Cardiovascular and neuropsychatric risks of varenicline

What is the aim of the study and why is it important?

Varenicline is a drug that can help smokers quit. However, there are concerns about possible serious adverse events in users of this drug. The aim of the current study was to assess whether varenicline is related to such events, both in the general smoking population as in the subgroup of smokers with chronic obstructive pulmonary disease (COPD).

How is the research being done?

The study uses the QResearch database to identify a large group of smokers who received a prescription for either varenicline, bupropion (which is a different smoking cessation drug) or nicotine replacement therapy (for example nicotine gum or patch). All smokers are followed-up for six months to identify the following events: ischemic heart disease, stroke, heart failure, peripheral vascular disease, cardiac arrhythmia, depression, and self-harm. The data are analysed to compare the risks of these events in users of varenicline and bupropion, each compared with nicotine replacement therapy (which is presumed by regulators not to carry significant risks). All analyses are repeated in the subgroup of smokers with COPD.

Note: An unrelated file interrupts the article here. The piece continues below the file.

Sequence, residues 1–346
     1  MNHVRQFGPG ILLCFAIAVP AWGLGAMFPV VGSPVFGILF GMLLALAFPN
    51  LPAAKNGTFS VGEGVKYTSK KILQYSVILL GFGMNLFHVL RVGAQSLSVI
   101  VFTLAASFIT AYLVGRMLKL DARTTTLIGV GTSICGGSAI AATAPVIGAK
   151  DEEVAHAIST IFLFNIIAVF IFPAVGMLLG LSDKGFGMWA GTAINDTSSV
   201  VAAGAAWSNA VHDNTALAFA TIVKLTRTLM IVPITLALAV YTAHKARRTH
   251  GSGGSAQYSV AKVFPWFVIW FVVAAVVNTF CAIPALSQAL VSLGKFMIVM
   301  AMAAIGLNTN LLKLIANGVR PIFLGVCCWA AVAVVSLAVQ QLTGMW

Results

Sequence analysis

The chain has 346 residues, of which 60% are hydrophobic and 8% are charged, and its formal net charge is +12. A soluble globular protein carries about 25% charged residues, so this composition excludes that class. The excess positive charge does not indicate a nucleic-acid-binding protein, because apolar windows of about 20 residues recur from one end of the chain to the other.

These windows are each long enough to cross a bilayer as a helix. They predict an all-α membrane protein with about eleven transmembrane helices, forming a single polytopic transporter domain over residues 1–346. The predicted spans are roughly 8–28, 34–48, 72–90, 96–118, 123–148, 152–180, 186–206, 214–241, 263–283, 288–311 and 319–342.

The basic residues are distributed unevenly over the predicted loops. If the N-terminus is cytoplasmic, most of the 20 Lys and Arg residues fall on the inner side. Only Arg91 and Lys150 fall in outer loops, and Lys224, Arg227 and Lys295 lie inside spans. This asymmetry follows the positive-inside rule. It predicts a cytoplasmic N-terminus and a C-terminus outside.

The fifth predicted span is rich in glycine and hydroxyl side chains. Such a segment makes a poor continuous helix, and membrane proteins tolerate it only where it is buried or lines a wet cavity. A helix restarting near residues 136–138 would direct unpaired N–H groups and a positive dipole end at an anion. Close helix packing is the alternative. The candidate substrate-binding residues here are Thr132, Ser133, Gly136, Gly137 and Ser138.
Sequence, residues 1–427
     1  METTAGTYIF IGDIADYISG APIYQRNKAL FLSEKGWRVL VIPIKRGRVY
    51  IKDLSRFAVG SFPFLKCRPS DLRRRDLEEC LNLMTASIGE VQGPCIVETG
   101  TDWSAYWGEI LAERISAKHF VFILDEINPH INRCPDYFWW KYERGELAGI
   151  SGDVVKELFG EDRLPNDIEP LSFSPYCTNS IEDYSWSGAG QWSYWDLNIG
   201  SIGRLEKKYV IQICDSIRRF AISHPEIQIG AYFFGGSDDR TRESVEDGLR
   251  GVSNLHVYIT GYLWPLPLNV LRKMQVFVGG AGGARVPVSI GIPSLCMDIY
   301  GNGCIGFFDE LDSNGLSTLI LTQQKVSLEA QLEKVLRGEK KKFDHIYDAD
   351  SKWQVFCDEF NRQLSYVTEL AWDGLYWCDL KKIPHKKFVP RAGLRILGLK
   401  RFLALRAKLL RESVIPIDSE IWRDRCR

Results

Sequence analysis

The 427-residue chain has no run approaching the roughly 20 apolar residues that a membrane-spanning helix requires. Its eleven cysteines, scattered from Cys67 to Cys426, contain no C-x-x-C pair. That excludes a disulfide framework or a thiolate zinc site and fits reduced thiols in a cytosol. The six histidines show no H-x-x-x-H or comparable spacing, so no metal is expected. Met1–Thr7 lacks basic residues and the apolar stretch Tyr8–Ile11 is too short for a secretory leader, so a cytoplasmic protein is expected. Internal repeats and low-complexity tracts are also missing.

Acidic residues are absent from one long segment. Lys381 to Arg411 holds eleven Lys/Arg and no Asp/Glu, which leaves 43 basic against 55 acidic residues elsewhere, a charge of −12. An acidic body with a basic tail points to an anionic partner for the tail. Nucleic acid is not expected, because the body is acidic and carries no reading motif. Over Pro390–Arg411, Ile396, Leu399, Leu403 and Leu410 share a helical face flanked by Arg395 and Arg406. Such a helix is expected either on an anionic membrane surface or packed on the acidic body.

Generic ethics approval reference


What were the main findings?

A total of 164,766 smokers were investigated; 106,759 had used nicotine replacement treatment, 6,557 bupropion, and 51,450 varenicline. Neither bupropion nor varenicline showed an increased risk of any cardiovascular event, depression or self-harm. Similar results were found in the subgroup of 14,350 smokers with COPD.

Implications and Impact

These findings suggest an opportunity for physicians to prescribe varenicline more broadly, even for patients with COPD, thereby helping more smokers to quit successfully than do at present.

Funding Source

QInnovation Award (provided by the software provider EMIS and the University of Nottingham) with additional support from the Ministry for Innovation, Science and Research of the German Federal State of North Rhine-Westphalia ("NRW-Rückkehrprogramm"), Cancer Research UK, the Medical Research Council and The Commonwealth Fund.​

Research Team

Daniel Kotz (Chief Investigator): Heinrich-Heine-University Düsseldorf Wolfgang Viechtbauer, Onno C.P. van Schayck: Maastricht University Colin Simpson, Aziz Sheikh: University of Edinburgh Robert West: University College London

Date on which research was approved



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